I agree with @Jim Reynolds that the best choice will depend on some more context than you're giving in the question, but I can think of two ways to specify it relatively clearly and concisely:
1) "the hour before the current hour" seems to describe it relatively cleanly and unambiguously, though it will depend on whether "the current hour" is an acceptable phrase to describe the "anchor time" of your period
2) "the previous whole hour" would likely work in many situations if you are speaking to a precise or literal audience (e.g. software engineers) who would recognize the phrasing as an attempt to describe a time period (a "whole hour" that presumably starts with minute zero and ends with minute 59) with a position relative to "now"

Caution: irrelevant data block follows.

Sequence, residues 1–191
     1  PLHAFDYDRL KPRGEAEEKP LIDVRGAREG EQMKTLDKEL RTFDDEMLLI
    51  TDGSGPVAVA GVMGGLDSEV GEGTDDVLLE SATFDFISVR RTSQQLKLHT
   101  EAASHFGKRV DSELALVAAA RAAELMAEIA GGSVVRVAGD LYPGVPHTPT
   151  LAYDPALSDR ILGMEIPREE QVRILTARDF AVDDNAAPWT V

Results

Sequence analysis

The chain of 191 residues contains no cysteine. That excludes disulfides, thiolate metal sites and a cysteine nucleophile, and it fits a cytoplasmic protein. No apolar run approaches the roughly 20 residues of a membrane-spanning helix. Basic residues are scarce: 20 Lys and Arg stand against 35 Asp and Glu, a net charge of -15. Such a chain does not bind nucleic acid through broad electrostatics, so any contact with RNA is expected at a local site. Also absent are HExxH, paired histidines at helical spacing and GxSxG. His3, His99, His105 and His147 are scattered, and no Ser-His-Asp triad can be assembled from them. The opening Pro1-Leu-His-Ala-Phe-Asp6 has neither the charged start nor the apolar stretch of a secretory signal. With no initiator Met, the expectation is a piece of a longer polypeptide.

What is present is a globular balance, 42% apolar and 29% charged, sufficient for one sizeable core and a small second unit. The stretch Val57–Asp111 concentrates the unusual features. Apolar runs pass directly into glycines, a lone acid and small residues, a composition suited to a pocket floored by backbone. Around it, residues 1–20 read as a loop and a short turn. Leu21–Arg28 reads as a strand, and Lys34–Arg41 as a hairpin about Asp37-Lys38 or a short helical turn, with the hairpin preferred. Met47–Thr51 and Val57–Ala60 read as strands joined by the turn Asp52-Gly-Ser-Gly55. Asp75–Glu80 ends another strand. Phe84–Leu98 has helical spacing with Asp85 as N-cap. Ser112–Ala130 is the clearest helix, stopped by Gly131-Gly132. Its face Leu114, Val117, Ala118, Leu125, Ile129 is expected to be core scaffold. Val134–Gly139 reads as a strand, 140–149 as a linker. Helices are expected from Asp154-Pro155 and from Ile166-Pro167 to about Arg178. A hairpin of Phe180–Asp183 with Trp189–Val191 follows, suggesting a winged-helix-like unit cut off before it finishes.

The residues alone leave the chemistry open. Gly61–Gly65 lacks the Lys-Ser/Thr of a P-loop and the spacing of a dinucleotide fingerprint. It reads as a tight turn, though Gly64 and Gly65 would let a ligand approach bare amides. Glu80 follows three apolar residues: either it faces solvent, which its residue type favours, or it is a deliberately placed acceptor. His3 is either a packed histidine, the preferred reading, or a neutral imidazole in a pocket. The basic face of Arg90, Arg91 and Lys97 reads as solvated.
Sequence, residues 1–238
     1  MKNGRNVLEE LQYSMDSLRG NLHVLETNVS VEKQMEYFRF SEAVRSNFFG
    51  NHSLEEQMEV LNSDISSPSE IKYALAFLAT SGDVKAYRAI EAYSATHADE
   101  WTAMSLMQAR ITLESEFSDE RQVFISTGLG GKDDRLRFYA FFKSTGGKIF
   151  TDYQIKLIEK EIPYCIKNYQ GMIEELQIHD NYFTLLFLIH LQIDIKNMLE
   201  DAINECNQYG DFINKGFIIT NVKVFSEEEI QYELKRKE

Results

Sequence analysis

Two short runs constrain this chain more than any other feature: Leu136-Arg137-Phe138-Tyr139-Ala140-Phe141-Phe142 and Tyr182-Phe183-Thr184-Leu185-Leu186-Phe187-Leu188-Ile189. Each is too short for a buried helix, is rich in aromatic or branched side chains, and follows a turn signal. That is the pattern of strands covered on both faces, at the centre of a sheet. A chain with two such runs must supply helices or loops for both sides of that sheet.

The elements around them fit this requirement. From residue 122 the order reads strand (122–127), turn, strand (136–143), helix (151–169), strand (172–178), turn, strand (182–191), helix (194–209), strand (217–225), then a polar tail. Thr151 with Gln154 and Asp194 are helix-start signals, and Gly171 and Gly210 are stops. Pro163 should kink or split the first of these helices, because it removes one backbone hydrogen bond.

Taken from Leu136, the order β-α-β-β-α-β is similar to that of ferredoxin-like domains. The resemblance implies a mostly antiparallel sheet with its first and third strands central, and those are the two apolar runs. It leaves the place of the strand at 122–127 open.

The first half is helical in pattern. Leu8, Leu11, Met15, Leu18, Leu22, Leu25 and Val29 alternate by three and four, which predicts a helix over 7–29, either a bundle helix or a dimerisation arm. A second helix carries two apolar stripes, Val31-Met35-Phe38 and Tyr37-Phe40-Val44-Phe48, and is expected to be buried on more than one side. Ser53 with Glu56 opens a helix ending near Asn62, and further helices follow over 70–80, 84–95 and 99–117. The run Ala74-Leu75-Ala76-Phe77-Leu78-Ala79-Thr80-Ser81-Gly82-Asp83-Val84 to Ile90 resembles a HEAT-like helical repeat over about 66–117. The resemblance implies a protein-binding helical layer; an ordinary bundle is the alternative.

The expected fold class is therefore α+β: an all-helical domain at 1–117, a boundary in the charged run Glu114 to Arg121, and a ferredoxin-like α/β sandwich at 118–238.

In essence, you're asking if there is an hour-based equivalent to the calendar month. Native speakers certainly would understand the difference between
She rented the car five times in the last month.
She rented the car five times in the previous calendar month.
There is no direct equivalent for hours in English (there is no common phrase such as the "clock hour" for instance), but I think in many cases using one of the two suggestions above would probably work.